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Silicon Valley Heads to Oakland for NBA Finals: Which Tech Giants Will Sit Courtside?

Resale prices have skyrocketed for what could be the last finals games in Oakland.

We hope Drake still has room on his credit card after peeping his $100 million plane three weeks ago, because a pair of VIP tickets to tonight’s Game 3 at Oracle Arena could set him back more than $100,000. Then again, what better way to break in your plane than flying to the Bay to catch the Toronto Raptors taking on the Golden State Warriors?

Someone reportedly paid an NBA Finals (per-seat) record of $101,015 for two tickets to Game 4. Tickets for this game might fetch a larger premium than Game 3 because it’s potentially the last game ever in Oracle Arena. The series is tied at one game apiece. Should the Warriors win their home games Wednesday and Friday, they’d have an opportunity to close the series out on Monday in Toronto.

Next year the Warriors will play at the new, $1.4 billion, privately financed Chase Center in San Francisco. While the new arena in the Mission Bay neighborhood has been cited as a sign of gentrification, it’s hard to fault the team for wanting to move on from the oldest arena in the NBA. Built in 1966, Oracle has been home to Golden State for 47 years, and last received a major renovation in 1997.

The arena’s imminent demise adds a bit of historic intrigue to the Warriors’ bid for a third straight NBA championship (and fourth in five years). As of Tuesday morning there were pairs of VIP courtside seats available from around $20,000 to $92,654 a piece. One ambitious soul was even offering a pair of tickets behind the home team bench for $136,611 a ticket. Suffice to say, the two-day-old record could very well fall before tip-off.

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That sticker price giving you vertigo? You might follow the lead of a Deadspin writer who last year took advantage of Gametime’s app to buy great finals tickets after the game started. He scored a couple tickets in the first row of the lower bowl (Section 15, A1) for $450 apiece just before halftime, taking advantage of fact that the app sells tickets to the game up to an hour after it starts.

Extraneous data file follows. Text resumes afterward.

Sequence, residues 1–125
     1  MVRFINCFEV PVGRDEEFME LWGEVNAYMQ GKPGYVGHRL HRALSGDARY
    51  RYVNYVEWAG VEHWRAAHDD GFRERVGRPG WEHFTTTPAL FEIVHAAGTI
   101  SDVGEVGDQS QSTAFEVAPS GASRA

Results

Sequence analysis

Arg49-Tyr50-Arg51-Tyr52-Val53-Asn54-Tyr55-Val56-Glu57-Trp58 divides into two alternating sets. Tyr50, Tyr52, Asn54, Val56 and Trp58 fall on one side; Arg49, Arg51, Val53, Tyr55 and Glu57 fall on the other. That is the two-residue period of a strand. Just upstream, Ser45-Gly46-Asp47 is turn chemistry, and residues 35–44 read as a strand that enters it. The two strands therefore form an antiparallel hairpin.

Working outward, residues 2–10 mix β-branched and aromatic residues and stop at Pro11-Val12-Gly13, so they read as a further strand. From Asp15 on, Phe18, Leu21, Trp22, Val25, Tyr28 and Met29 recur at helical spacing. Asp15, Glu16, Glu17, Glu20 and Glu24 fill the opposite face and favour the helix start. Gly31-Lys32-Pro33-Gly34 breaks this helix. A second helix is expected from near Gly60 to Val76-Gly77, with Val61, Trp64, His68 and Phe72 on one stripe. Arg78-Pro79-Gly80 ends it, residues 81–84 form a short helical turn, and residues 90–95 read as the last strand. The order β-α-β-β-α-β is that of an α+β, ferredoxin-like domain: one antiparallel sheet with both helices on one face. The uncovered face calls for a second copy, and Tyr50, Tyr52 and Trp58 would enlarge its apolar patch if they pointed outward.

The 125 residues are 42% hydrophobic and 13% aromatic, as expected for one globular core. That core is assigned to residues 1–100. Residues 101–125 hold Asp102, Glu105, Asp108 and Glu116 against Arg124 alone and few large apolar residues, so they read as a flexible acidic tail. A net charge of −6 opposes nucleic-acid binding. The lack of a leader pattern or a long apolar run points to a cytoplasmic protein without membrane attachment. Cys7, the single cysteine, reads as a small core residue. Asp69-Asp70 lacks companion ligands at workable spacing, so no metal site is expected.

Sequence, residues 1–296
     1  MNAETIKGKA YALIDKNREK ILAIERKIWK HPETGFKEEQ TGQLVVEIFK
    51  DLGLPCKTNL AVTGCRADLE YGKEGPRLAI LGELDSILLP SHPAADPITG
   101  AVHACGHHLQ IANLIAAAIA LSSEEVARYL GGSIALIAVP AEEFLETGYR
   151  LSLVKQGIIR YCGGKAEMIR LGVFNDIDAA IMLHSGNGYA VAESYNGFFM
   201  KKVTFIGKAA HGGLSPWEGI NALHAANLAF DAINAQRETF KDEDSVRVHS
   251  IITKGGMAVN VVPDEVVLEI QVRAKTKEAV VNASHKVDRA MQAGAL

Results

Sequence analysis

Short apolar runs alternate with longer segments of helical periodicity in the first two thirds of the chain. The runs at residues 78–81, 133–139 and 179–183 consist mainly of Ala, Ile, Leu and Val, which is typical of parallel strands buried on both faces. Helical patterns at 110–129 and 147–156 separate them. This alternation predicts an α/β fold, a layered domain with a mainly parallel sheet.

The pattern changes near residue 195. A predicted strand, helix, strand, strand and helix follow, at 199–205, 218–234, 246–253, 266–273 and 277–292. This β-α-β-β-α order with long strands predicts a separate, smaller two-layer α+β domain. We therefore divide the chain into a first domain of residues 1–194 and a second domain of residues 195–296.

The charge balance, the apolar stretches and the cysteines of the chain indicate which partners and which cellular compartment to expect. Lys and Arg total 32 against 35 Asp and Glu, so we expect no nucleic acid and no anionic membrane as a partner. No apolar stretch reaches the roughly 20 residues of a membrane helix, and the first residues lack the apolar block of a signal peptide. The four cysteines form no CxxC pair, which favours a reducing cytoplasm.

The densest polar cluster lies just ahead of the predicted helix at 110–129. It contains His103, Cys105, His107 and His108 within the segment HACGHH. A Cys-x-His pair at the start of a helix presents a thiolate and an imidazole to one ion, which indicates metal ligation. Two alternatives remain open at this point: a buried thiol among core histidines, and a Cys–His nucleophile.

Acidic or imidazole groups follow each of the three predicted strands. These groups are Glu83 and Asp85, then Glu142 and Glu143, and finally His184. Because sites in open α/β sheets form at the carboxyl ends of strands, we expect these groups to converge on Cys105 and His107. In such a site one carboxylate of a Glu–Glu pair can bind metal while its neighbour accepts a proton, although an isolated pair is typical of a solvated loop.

Who can afford tickets like that? The type of people who can afford to live in a place where the median housing price is $830,000, i.e., tech millionaires. They don’t light up the camera like Drake does, but they can battle his checkbook to a draw.

These include people like Larry Ellison, who founded the arena’s namesake, Oracle, and allegedly failed to outbid current owners VC investor Joe Lacob and movie mogul Peter Guber for the team in 2010 when it was sold for $450 million. (The franchise now worth an estimated $3.5 billion.) Ellison made the series last year,

It seems Tony Robbins might have  other things on his mind right now, but he’s been a fan for years and is known to get  almost as animated as Drake. If not Robbins, then presumably his buddy, Salesforce CEO Mark Benioff, as well as his friends Chris Rock, E-40 and Snoop Dogg. Rob Lowe is usually there, though that doesn’t mean he’s watching the game.

WhatsApp founder Jan Koum allegedly paid $53,000 for four courtside seats to a Cavalier/Warriors game during the regular season wo years ago. While he hasn’t posted any selfies, Twitter founder Jack Dorsey posted this video from Game 1 in Toronto, so he seems like a fair bet.

Apple’s senior vice president of Internet Software and Services, Eddy Cue, is a huge fan who swears he would never tell LeBron supporter Rihanna to sit down, which he claimed was aimed at former Yahoo CEO Marissa Mayer, a few seats away. Twitch.tv and Atrium entrepreneur Justin Kan can also often be seen courtside,

When Ben Horowtiz’s investment firm Andreessen-Horovitz isn’t consulting with Warriors forward Andre Iguodala on venture capital matters, the pair apparently strike up conversations from his courtside seat next to the bench. Greylock Partners’ Josh Elman snapped this shot at the Finals four years ago, and Katie Jacobs Stanton (Twitter, Google) was also in attendance around that time.

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